Oliver Smith, The Daily Telegraph, April 29, 2013
Sir Richard Branson’s plans to send paying passengers into space could move a step closer today with the latest Virgin Galactic test flight due to take place in New Mexico.
The rocket plane SpaceShipTwo, which it is hoped will carry intrepid travellers into space next year, is expected to break the sound barrier during the test, which will take off from Spaceport America, weather permitting.
Sir Richard said today’s flight would be an “historic” occasion.
“This is going to be Virgin Galactic's year,” he said in an interview with the Las Vegas Sun.
“We'll break the sound barrier on Monday, and from there, we build up through the rest of the year, finally going into space near the end of the year. I'll be on the first official flight, which we look to have in the first quarter of next year. We're doing a number of test flights into space first.”
The company claims more than 500 tickets have been sold, at £121,000 per person, for one of the first flights into space. Deposits start at around £12,000.
Ashton Kutcher, the actor, is reported to be among those to have expressed interest.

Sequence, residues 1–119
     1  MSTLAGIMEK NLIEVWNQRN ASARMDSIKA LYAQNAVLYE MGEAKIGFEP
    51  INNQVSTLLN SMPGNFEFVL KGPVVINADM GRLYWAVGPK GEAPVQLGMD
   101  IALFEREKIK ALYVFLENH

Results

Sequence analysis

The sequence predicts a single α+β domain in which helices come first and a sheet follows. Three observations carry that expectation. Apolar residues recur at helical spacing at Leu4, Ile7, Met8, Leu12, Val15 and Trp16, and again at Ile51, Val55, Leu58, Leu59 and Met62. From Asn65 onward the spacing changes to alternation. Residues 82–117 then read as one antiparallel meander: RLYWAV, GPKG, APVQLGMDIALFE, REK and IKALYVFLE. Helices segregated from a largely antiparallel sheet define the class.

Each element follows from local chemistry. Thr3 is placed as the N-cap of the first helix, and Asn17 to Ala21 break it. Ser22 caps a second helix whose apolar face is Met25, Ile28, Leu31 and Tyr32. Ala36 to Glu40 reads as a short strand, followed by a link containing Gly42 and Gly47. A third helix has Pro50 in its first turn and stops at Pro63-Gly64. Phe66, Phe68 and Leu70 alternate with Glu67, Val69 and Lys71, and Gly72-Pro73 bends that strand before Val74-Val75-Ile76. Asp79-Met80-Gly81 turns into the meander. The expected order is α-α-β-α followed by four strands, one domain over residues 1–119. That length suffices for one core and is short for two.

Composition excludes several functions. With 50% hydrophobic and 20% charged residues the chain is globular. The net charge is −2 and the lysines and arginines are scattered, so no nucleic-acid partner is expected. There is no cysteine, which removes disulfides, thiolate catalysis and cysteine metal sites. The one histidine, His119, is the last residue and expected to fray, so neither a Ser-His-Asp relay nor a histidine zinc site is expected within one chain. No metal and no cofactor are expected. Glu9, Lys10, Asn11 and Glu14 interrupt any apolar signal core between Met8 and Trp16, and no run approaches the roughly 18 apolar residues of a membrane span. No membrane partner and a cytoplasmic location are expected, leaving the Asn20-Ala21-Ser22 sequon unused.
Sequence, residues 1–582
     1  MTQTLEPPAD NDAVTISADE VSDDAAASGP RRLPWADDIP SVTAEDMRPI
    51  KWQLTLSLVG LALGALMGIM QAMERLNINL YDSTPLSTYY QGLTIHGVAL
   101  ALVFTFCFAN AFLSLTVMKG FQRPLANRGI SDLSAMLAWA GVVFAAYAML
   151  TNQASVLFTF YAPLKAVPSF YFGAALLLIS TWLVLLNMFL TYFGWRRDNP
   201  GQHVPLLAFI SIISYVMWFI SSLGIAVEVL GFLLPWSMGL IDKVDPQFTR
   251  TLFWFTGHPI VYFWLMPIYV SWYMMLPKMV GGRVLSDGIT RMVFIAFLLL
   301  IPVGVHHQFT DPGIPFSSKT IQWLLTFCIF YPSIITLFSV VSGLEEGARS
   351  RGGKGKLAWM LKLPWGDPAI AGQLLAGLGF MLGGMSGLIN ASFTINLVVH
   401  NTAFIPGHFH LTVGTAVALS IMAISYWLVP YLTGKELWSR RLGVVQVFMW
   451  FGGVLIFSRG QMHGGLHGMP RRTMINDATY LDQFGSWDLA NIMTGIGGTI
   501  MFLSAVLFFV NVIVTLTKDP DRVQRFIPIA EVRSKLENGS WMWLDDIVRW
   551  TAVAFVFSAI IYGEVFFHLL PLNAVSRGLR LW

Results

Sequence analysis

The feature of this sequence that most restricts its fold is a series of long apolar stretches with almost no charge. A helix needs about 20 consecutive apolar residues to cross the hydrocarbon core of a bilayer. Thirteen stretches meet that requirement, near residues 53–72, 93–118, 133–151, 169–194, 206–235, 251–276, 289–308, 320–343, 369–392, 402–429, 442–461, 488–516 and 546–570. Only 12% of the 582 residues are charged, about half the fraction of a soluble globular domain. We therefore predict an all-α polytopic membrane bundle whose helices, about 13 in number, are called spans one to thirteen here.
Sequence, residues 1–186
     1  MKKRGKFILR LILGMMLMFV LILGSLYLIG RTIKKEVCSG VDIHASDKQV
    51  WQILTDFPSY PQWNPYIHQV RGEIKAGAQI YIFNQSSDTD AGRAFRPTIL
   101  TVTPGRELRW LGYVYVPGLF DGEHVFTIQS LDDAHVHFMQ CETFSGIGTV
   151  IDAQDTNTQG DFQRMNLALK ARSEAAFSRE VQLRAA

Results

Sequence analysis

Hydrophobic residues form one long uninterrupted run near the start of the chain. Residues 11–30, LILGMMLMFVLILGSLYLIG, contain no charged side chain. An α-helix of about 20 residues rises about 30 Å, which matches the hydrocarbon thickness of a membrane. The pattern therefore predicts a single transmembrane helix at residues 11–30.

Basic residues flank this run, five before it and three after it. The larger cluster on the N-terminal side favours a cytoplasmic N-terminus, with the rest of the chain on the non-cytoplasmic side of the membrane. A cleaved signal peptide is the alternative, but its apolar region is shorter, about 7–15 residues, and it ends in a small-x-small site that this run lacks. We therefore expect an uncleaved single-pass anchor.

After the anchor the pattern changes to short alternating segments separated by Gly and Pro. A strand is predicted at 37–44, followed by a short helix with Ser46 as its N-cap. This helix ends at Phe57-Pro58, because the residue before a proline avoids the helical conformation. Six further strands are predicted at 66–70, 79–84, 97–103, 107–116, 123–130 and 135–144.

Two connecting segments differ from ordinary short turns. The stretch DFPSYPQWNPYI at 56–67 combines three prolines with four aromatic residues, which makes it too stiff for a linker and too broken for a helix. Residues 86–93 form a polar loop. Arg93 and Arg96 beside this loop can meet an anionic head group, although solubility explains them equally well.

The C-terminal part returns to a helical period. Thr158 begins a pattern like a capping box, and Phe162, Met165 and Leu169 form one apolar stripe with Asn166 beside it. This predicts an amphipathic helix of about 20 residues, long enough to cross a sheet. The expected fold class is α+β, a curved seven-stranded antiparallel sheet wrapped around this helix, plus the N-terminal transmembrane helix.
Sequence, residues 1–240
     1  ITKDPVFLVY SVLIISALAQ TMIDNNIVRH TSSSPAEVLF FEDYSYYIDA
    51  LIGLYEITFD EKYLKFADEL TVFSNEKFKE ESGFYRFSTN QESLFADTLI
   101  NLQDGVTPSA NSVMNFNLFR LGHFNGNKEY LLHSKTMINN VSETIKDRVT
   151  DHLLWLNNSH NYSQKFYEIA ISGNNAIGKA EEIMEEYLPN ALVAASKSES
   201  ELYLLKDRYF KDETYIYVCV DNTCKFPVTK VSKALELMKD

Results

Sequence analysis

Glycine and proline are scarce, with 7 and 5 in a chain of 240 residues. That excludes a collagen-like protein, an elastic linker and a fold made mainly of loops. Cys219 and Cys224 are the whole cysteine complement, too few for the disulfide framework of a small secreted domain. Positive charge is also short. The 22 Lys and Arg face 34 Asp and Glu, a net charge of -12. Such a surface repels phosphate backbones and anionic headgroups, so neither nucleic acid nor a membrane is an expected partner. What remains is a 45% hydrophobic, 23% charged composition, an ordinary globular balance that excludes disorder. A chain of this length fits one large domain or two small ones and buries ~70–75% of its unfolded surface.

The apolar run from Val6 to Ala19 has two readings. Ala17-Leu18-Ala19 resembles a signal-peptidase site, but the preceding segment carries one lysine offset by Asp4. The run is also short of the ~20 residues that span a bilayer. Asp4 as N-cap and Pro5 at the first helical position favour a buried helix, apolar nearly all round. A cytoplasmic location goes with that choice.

SpaceShipTwo will carry six passengers and two pilots. Those who sign up are promised a two-hour flight including six minutes of weightlessness.
SpaceShipTwo will be carried into the air attached to a twin fuselage carrier aircraft known as WhiteKnightTwo, which will carry it to an altitude of 50,000ft, at which point it will be released. Passengers will reach a maximum altitude of 360,000ft, around 10km beyond the Karman line – the boundary between Earth and Space.
Its predecessor, SpaceShipOne, completed the first manned private space flight in 2004, winning its developers, Mojave Aerospace Ventures, the Ansari X Prize.
For more information on Virgin Galactic see virgingalactic.com.